By: Stacy Hsu, Central News Agency
The historic passage of a same-sex marriage bill in Taiwan last Friday was a moment of euphoria for the tens of thousands of marriage equality supporters gathered outside the Legislature, but for Guzifer Leong (梁展輝) of Macau it did not mean he could finally marry his Taiwanese partner.
As the crowds of gay marriage advocates cheered and burst into tears of joy, Leong stayed quiet. Although he was happy to see the bill passed after decades of agonizing efforts by the country’s gay rights movements, he was deeply disappointed that it excluded foreign nationals like him from countries and areas that do not allow same-sex marriage.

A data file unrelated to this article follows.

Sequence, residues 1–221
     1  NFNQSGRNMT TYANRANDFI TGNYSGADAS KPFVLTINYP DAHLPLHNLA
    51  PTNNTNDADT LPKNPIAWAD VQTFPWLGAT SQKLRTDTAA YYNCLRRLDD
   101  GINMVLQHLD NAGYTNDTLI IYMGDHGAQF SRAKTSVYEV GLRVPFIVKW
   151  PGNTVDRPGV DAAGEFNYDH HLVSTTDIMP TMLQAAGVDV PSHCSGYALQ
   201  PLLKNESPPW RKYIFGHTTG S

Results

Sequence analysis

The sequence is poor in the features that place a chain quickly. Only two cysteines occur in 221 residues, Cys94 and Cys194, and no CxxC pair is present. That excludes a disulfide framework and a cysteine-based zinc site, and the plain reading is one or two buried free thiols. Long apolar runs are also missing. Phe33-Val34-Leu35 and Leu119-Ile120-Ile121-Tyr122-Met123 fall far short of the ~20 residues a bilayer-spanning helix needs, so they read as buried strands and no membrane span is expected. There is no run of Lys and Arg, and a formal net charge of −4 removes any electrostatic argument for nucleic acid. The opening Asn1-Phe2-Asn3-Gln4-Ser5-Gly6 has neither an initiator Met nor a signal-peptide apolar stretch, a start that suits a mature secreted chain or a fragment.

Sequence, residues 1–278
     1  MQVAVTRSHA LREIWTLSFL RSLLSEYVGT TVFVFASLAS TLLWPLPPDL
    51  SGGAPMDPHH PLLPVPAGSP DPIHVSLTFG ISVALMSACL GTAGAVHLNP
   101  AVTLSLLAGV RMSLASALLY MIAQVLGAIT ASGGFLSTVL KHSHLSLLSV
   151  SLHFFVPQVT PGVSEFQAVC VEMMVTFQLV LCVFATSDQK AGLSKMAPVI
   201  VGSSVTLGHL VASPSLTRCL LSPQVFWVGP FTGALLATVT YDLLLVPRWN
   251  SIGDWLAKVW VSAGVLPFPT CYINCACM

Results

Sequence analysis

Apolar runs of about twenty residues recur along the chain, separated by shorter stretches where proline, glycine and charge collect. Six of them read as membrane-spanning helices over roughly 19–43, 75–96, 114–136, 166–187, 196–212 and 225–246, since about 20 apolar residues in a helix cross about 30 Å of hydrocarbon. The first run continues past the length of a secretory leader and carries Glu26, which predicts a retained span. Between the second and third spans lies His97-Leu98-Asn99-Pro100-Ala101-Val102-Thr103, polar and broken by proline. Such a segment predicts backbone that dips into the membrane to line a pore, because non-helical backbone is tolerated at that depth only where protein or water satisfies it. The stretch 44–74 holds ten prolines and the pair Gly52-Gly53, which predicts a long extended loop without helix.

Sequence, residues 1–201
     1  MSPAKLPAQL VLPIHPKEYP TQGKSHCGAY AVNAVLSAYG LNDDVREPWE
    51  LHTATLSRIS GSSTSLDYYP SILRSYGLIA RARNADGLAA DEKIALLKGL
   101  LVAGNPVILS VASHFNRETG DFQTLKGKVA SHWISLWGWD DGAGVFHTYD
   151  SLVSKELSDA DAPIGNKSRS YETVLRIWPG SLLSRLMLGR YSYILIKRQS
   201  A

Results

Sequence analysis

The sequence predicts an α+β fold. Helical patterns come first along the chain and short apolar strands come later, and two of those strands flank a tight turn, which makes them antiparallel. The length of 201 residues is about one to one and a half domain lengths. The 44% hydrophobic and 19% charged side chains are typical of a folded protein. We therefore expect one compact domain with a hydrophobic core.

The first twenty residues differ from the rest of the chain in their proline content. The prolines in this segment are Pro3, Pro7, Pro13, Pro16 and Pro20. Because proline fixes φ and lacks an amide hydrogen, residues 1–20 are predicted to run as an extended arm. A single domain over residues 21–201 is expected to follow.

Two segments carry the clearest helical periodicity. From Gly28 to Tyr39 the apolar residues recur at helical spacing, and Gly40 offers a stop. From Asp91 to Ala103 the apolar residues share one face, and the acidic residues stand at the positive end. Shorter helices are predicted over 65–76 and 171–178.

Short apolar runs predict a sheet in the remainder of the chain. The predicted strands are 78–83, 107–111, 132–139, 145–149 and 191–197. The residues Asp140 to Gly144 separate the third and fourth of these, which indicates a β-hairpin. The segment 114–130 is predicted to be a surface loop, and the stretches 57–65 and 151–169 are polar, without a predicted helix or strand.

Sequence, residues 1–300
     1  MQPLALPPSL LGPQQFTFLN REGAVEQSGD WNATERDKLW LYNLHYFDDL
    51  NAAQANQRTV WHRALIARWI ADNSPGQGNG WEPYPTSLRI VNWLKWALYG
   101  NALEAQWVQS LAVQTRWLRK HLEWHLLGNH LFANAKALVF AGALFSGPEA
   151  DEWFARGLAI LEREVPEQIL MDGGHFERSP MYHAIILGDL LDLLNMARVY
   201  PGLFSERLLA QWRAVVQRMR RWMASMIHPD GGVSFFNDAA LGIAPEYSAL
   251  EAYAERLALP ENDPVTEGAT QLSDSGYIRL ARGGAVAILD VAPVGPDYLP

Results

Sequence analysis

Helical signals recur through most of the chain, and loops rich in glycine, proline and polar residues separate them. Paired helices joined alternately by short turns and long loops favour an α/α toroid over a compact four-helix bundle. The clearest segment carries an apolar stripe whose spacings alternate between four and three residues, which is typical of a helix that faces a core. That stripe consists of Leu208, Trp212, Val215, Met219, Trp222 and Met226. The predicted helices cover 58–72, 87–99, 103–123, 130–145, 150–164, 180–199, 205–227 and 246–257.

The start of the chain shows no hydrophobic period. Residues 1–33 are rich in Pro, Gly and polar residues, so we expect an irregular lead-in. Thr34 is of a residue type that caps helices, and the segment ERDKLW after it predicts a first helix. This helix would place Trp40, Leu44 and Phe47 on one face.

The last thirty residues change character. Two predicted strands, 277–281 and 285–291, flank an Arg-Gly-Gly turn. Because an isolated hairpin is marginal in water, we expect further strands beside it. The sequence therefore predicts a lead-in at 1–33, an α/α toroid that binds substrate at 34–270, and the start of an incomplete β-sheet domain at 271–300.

On May 17, during the readings of the gay marriage bill, lawmakers voted 84-6 against a motion to make it possible for a Taiwanese to marry a partner from a country that does not recognize same-sex marriage.
“The crowd’s cheers were deafening and many people were crying and hugging each other,” said Leong, who was outside the Legislature with his Taiwanese partner Ting Tse-yan (丁則言) when the bill was passed. [FULL STORY]